United States District Court, C.D. Illinois
SUE E. MYERSCOUGH, District Judge.
Plaintiff proceeds pro se from his detention in the Rushville Treatment and Detention Center pursuant to the Illinois Sexually Violent Persons Act. He pursues claims arising from the conditions he endured before and after disciplinary proceedings on two different occasions, one in 2010 and the other in 2011. Defendants have moved for summary judgment. At this stage, the evidence is viewed in the light most favorable to Plaintiff, with material factual disputes resolved in Plaintiff's favor. Anderson v. Liberty Lobby, Inc. , 477 U.S. 242, 248 (1986). Looking at the record in that way, summary judgment must be denied.
The record, drawing inferences in Plaintiff's favor, shows that Plaintiff received a disciplinary ticket on July 15, 2010, for arguing with a security officer. On July 22, 2010, Plaintiff appeared before the behavior committee, a group of three individuals who decide whether and what kind of punishment a resident will receive for an infraction. Defendants Jumper and Proctor were acting on the behavior committee that day. The committee found Plaintiff guilty of a minor rule violation-insolence- and down-graded Plaintiff's status to "close status" for three days, which meant that Plaintiff would be moved from his regular room to a room with less property and fewer privileges. Plaintiff felt this punishment was unfair because the minor violation was not his third minor violation as the committee had maintained. According to Plaintiff's count, the minor violation was only his second minor violation.
Plaintiff refused to move from his room to serve out his punishment. Because of his refusal, Plaintiff was escorted to a different unit ("special management"), placed on "temporary special status, " and written a ticket for "interfering with facility operations." According to Plaintiff, temporary special status generally means an empty cell with a mattress and some hygiene supplies such as a toothbrush, toothpaste, shower shoes, a towel, and some soap. Temporary special status typically lasts a few days until the resident appears before the behavior committee.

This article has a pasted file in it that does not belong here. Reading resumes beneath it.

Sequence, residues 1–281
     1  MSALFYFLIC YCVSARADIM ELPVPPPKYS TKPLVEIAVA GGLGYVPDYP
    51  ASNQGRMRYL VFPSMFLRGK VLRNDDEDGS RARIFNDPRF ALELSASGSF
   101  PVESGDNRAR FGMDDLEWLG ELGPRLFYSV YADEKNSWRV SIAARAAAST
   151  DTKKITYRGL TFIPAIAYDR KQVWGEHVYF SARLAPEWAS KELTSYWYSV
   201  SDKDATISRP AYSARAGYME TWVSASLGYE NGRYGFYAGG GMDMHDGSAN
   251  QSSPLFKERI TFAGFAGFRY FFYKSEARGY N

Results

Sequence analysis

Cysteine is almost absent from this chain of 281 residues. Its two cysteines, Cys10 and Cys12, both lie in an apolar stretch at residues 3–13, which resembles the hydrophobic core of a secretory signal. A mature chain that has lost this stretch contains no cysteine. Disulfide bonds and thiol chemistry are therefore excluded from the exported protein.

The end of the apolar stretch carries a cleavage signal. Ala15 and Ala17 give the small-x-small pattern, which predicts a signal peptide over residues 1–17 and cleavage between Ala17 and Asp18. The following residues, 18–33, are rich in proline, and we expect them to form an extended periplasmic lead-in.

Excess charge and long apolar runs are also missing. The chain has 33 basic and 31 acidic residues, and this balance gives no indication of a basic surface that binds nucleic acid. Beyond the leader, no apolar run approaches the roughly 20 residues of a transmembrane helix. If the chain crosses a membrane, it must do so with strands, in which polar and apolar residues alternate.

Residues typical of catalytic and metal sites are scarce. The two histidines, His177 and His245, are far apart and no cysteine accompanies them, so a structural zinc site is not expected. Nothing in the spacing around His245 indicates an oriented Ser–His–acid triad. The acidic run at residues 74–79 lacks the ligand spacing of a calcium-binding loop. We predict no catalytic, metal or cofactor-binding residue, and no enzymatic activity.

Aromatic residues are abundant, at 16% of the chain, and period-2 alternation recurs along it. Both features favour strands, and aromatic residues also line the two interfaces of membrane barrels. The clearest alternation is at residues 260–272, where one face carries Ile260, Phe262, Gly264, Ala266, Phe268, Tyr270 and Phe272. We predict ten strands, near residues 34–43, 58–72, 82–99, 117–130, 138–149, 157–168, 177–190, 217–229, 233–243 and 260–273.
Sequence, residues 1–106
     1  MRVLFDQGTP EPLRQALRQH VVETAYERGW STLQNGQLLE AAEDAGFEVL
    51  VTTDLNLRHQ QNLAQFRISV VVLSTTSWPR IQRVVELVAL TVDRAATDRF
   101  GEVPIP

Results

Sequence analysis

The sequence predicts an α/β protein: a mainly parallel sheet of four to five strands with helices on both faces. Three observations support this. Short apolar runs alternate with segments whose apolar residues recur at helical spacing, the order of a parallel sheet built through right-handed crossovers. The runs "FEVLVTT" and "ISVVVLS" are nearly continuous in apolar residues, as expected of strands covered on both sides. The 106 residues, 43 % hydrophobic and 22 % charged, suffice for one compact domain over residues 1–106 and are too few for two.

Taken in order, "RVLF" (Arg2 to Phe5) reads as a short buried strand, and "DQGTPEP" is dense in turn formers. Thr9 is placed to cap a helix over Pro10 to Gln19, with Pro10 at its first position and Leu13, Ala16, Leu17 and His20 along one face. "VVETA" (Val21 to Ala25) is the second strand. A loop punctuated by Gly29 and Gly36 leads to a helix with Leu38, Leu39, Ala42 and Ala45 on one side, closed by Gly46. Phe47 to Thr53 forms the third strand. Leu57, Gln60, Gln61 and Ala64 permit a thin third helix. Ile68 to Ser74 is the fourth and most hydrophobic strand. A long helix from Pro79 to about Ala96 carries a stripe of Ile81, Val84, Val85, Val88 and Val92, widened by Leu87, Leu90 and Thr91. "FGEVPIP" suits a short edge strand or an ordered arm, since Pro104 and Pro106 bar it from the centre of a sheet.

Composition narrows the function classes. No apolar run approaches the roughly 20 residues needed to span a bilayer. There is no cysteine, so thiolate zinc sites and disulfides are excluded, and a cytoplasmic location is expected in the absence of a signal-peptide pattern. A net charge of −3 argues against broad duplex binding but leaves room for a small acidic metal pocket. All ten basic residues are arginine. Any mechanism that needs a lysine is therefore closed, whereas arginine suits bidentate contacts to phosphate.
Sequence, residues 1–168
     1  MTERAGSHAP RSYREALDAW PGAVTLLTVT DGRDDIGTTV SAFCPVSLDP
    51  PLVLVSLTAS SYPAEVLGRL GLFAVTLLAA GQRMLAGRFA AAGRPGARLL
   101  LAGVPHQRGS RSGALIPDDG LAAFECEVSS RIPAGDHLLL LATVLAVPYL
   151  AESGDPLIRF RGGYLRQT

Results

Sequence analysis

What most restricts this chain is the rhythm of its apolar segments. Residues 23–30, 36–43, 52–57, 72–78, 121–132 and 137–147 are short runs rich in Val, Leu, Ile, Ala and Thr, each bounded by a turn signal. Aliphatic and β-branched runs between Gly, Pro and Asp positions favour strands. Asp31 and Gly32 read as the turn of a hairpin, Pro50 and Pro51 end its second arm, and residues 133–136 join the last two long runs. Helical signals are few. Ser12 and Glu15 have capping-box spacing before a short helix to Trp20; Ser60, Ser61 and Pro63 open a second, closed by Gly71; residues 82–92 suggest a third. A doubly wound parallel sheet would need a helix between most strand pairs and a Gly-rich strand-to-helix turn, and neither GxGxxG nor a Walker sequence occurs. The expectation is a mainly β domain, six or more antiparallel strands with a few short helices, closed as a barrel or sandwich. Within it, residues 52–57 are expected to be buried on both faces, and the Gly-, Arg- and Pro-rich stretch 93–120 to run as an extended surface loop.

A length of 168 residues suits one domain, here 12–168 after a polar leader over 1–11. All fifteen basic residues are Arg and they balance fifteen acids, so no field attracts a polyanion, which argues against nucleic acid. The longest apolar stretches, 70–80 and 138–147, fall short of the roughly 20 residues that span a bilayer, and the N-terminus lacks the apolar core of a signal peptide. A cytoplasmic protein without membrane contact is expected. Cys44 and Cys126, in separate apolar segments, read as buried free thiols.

Plaintiff was placed on temporary special status on July 22, 2010, with only the clothes on his back, the shoes on his feet, and a mattress in the cell. He received no hygiene supplies, no writing supplies, no legal or other property, and was not allowed any phone calls or other communication with anyone, except with whomever came to check on him. On July 27, 2010, Plaintiff appeared before the behavior committee. Dr. Jumper was a part of the behavior committee that day. The behavior committee found Plaintiff guilty and demoted Plaintiff to close status for 10 days. Though not in this record, the Court's understanding is that close status allows a resident to have some property and also allows for some time out of the cell and communication with family. However, Plaintiff received nothing: for the duration of his purported close status, Plaintiff had no property, writing supplies, clothing, or hygiene supplies. Nor could he communicate with anyone other than who passed by his room. Plaintiff asserts that he told Defendants Jumper and Hankins about these conditions at the behavior committee on July 27, 2010, and that he again told Jumper, Hankins, and Proctor two days later on July 29, 2010, at another behavior committee meeting. Plaintiff was allowed to return to his room on August 8, 2010.
The second incident occurred on March 24, 2011, when Plaintiff was placed on temporary special status for allegedly threatening staff. Plaintiff was not informed of the specifics of the alleged threats or told who wrote the ticket. This time Plaintiff had no mattress, in addition to having no other property and no ability to communicate with anyone except for staff who visited Plaintiff's cell. Defendant Proctor checked on Plaintiff that day to try to determine whether Plaintiff posed a threat to himself or others. Plaintiff asked Proctor why Plaintiff had no mattress and refused to speak to Proctor until a mattress was provided. Defendant Proctor put Plaintiff on "mental health II status, " which required monitoring by staff every 15 minutes. According to Plaintiff, his repeated requests for a mattress, cover, and hygiene supplies over the following days were refused. Defendants assert that Plaintiff was offered these items and he refused, but Plaintiff denies this.